10 Sports Memorabilia Items That Have Been Auctioned for the Most Amount of Money

Passionate fandom is a given in almost any sport, which is why sports memorabilia is a booming business. Owning a jersey, a baseball card, a game ball, or a trophy is like owning a piece of history, being part of iconic moments in sports that may have changed the course of a game or brought home a winning championship. The rarer or more significant the item, the more likely it will be to command a jaw-dropping price. Here are ten of the most expensive items of sports memorabilia (so far!) that have been sold:

$956,000 – Soccer – Football Association Challenge Cup: The FA Cup is the world’s oldest soccer competition, started in 1871. The trophy auctioned off in 2005, the oldest of the four FA Cups that have ever been made, was given to the winning team from 1896 to 1910.

$996,000 – Baseball – Babe Ruth’s 1920 Yankees Contract: While no-one is exactly sure why the Boston Red Sox chose to sell Babe Ruth’s contract to the Yankees in 1920, there is no doubt that the move launched the Yankees to greatness. This contract marked the beginning of an era of success for both Babe Ruth and his new team.

$1.1 million – Boxing – Muhammad Ali’s 1965 Floyd Patterson Fight Gloves: Even for those who don’t follow boxing, Muhammad Ali is one of the most recognizable sports figures of all time. These gloves, auctioned on Ali’s seventieth birthday, were from a fight he won against Floyd Patterson by technical knockout in the twelfth round in 1965.

$1.4 million – Soccer – Sheffield Football Club Rules, Regulations, and Laws: Auctioned in 2011 to raise money for the club, this pamphlet is believed to be one of the earliest football instruction pamphlets.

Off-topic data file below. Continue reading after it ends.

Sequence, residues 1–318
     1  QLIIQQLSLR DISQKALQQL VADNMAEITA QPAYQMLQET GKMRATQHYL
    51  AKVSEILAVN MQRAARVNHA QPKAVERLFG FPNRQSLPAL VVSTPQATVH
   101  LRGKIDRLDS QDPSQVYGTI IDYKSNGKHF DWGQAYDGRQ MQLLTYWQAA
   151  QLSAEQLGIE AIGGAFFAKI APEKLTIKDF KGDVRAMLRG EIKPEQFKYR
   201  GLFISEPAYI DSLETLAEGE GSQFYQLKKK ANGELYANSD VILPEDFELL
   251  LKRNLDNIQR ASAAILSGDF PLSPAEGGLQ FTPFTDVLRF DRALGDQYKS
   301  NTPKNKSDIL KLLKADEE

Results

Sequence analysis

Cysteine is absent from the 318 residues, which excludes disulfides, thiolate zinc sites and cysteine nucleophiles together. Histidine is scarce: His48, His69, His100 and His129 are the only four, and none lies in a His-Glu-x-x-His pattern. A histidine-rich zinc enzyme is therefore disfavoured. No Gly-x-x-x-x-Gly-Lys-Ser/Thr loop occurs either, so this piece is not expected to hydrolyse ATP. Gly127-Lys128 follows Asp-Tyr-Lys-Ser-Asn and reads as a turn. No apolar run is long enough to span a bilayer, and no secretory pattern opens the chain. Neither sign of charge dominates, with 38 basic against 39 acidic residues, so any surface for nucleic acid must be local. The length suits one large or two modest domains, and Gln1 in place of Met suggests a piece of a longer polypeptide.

$1.265 million – Baseball – Babe Ruth 1923 First Yankee Stadium Home Run Bat: Auctioned in 2004, this bat is the most expensive ever sold, according to the Guinness Book of World Records.

$1.275 million – Hockey – Paul Henderson 1972 Jersey: Paul Henderson, the Canadian hockey legend, wore this jersey in the 1972 Summit Series between Canada and the USSR. Henderson scored the series-winning goal for the Canadians in the eighth game.

$3 million – Baseball – Mark McGwire’s 70th Home Run Ball: In 1988, Mark McGwire smashed the previous home-run record for a single season by nine runs. This ball, driven to deep left field in his seventieth home run of the season, brought a record price at auction.

$3.12 million – Baseball – Honus Wagner 1909 Baseball Card: With only 57 in existence, Honus Wagner’s baseball card has sold for staggering prices more than once. The most recent sale of one, in 2016, exceeded the previous record price for one of these cards by over $300,000.

$4.3 million – Basketball – James Naismith’s 1891 Rules of Basketball: Unlike many sports whose origins are disputed, basketball is considered the creation of James Naismith, who came up with it as a game to be played indoors during cold northern winter months. This original document laid out thirteen rules that established the basics of the sport.

$4.415 million – Baseball – Babe Ruth 1920 Jersey: The most expensive piece of sports memorabilia sold to date is Babe Ruth’s earliest known Yankees jersey, from the 1920 season when he made 158 runs and 54 home runs for his new team.

Of course, you don’t have to be a millionaire to own part of the game you love. AuctionKing.com offers a constantly updated selection of authenticated sports memorabilia at bids starting as low as $1. Register today for a free online account to get started!

Spotlight on May’s Birthstone: Emerald

Emerald is a variety of beryl, a mineral family that includes aquamarine and morganite. Emerald’s rich green to blue-green color is caused by the trace elements chromium, vanadium, and iron. The exact hue of a particular stone depends on the relative proportions of each of these elements, with a higher iron content producing more of a blue tint, and higher chromium and vanadium content producing a purer green tone.

Due to the way emeralds are formed in nature, almost all of these gemstones have readily visible inclusions. Emeralds that are eye-clean are both extremely rare and extremely expensive! Experts expect that genuine emeralds will have inclusions, and their presence does not diminish the value of a stone unless they are so numerous and/or large that they significantly impact the gem’s transparency or clarity.